GENEVA — Cycling's governing body wants to set up medical profiles for riders as soon as next year, a step toward cleaning up a sport that has been rocked by doping in recent years.

Blood and urine samples would be collected from all professional riders to create a "biological passport" that could be used in analyzing results from subsequent doping tests, the International Cycling Union said Wednesday.

"The rider becomes his own reference point," said Anne Gripper, the UCI's anti-doping chief. "We look for variations in a rider's individual profile to determine whether there may be some indication of using a prohibited method or a prohibited substance."

The program is to begin in early 2008, with details released at a meeting in Paris on Monday and Tuesday. The profiles will not be limited to Tour de France riders but cover all the cyclists in UCI Pro teams.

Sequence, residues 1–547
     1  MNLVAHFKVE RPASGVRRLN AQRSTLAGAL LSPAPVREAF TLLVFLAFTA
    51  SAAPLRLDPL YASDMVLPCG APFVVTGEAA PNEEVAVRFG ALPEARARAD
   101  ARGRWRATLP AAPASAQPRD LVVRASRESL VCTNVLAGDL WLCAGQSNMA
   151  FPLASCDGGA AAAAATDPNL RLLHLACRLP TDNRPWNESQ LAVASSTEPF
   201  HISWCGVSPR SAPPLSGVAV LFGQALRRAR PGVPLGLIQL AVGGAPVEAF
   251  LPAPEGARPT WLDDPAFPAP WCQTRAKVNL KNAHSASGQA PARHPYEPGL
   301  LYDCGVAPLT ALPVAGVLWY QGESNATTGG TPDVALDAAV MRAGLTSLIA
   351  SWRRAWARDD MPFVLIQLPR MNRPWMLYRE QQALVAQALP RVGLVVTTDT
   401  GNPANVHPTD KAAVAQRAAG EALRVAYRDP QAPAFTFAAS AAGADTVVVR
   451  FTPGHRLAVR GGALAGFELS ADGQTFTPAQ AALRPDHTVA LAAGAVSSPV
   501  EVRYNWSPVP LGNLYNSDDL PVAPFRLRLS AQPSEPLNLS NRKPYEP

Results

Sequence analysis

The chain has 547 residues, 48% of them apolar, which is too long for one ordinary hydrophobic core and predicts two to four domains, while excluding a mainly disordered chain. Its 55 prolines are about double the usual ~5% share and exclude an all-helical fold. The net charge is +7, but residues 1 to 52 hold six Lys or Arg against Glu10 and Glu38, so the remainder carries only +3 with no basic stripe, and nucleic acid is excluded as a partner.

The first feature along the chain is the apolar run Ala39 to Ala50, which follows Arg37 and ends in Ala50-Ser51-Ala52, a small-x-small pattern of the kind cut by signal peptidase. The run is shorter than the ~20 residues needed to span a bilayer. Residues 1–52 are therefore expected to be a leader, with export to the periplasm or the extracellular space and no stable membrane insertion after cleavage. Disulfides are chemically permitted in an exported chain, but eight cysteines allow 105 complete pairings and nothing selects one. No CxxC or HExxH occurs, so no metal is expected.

"What we're looking for is indirect evidence of the fact that cyclists may be doing something to increase the oxygen-carrying capacity of their blood either through blood doping or through small doses of EPO or something like that," Gripper said.

World Ant-Doping Agency president Dick Pound said Tuesday he thinks anti-doping passports will be widespread within three years, but not in time for next year's Beijing Olympics.